Budget session in mind, Centre puts off action on UP CM
January, 11th 2011
With the BJP on a warpath and the Budget session drawing close, the Congress is desperate to garner as much support as possible. Hence, the ruling party has decided against persisting with the taxation matters of Uttar Pradesh Chief Minister Mayawati.
The decision not to file an appeal in the Delhi High Court against the orders of the Income-Tax Appellate Tribunal (ITAT) dismissing appeals filed by the Income-Tax department to re-examine the tax liability of Mayawati for five years was taken on the recommendation of a law officer that there wasnt sufficient ground for appeals. However, another law officer is learnt to have told the government that there was enough material to appeal.
The period of limitation, within which the government would have had to move the Delhi High Court in at least two of the five cases, ends on Tuesday. Sources said if the UPA government had decided to move the HC it would effectively had meant pleading for re-opening of the assessment for all five years. They said the decision not to do anything at this juncture was taken at the highest level. The government, especially some Congress leaders, were of the view that the move could also ignite another round of war of words between the UPA government and the UP Chief Minister, who has already accused the Centre of unleashing its agencies to target her and her partys government.
Incidentally, one of the grounds cited by the tribunal while setting aside the fresh assessment order against the CM by the tax authorities was that notices had not been served on her.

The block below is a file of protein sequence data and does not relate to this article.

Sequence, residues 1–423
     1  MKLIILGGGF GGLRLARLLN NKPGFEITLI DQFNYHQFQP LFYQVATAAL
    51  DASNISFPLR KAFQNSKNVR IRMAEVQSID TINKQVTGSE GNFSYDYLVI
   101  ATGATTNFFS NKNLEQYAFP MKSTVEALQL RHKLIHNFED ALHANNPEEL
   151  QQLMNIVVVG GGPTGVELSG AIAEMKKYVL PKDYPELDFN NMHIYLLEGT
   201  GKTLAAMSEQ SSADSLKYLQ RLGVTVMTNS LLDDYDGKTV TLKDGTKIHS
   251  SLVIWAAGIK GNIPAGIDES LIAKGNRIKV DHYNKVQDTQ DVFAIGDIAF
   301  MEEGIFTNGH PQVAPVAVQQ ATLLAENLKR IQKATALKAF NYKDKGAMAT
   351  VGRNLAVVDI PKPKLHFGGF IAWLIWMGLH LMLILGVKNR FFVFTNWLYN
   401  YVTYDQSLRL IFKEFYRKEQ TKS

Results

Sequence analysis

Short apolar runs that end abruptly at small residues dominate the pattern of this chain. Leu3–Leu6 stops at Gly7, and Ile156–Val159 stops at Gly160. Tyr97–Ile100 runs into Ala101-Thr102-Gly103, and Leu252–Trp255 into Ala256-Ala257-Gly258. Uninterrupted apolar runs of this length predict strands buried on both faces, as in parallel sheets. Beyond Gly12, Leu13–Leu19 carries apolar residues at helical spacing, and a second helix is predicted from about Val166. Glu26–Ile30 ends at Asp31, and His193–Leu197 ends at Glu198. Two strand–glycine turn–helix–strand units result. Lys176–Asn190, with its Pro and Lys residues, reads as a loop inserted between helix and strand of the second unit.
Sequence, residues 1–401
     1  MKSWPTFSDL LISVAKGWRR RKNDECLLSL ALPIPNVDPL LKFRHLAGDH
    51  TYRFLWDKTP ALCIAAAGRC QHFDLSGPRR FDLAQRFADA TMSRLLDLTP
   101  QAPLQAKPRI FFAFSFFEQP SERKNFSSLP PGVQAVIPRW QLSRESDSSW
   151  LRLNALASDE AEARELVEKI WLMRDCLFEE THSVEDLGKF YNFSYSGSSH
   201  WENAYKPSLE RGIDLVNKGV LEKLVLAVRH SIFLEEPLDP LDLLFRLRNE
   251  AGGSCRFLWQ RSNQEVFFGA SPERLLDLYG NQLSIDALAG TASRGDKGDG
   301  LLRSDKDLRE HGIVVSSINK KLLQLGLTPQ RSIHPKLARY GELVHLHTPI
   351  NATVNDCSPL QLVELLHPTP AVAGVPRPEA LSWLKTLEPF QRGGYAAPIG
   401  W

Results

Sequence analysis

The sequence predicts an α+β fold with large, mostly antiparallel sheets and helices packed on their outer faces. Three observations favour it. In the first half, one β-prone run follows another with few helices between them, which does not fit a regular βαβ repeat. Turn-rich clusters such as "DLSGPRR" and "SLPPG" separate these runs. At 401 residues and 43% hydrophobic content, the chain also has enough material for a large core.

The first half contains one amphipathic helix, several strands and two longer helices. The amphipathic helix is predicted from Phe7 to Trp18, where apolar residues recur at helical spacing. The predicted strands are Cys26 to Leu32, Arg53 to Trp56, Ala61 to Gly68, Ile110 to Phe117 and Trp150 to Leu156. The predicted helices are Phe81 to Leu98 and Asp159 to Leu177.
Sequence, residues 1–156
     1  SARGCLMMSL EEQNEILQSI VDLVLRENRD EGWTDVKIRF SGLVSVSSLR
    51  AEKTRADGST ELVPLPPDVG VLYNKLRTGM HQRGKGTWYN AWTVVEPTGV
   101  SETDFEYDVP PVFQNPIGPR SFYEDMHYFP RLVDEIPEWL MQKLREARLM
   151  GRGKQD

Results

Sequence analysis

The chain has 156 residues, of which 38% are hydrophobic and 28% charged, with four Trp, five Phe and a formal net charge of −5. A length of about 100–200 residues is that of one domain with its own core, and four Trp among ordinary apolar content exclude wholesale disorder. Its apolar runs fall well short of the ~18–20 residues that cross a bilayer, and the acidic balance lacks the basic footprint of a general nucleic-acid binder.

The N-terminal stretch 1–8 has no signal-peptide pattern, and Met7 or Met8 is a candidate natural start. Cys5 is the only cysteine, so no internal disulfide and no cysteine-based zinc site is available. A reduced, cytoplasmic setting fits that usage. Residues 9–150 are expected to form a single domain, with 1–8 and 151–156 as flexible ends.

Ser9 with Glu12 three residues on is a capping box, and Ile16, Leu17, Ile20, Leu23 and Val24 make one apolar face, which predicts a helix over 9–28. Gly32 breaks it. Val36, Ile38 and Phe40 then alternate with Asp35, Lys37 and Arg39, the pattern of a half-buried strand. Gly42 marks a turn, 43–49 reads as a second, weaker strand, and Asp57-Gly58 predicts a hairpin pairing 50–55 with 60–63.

All cases pertain to large number of cash gifts received by Mayawati, allegedly from her supporters.
A senior functionary of the Ministry of Finance, which is the administrative ministry for the Department of Income-Tax, had opposed any move to file an appeal in the High Court to challenge the ITAT orders.
The sources told The Indian Express that the Chief Commissioner of Income-Tax (Central), Delhi, had told the Finance Ministry that since there was no substantial question of law involved in the matter, no worthwhile purpose would be achieved by moving the High Court. However, the Law Ministry had been told by one of its law officers that there are certain important questions of law left unanswered by the ITAT Bench and an appeal should be preferred against the same. He was also of the view that Mayawati, who is also facing a disproportionate assets case by the CBI, would use the ITAT decisions to strengthen her defence against the CBI. The ITAT had also upheld the orders passed by the Commissioner Appeals (CIT-A) for the assessment years that included 2001-2002 and 2002- 2003. Among other things, the I-T department was not ready to accept Mayawatis declaration in her annual tax returns that she had received gifts from the late Kanshi Rams sisters.
The contentious matter also saw flip-flop by the UPA government, which removed assessing officer Suresh Sivanandan, who had passed one of the orders against Mayawati, after the BSP extended support to the UPA government against the Oppositions cut motions in the Budget. The assessing officer had also pointed to the fact that there was no relationship between Mayawati and the alleged donors and hence the genuineness of the gifts could not be proved.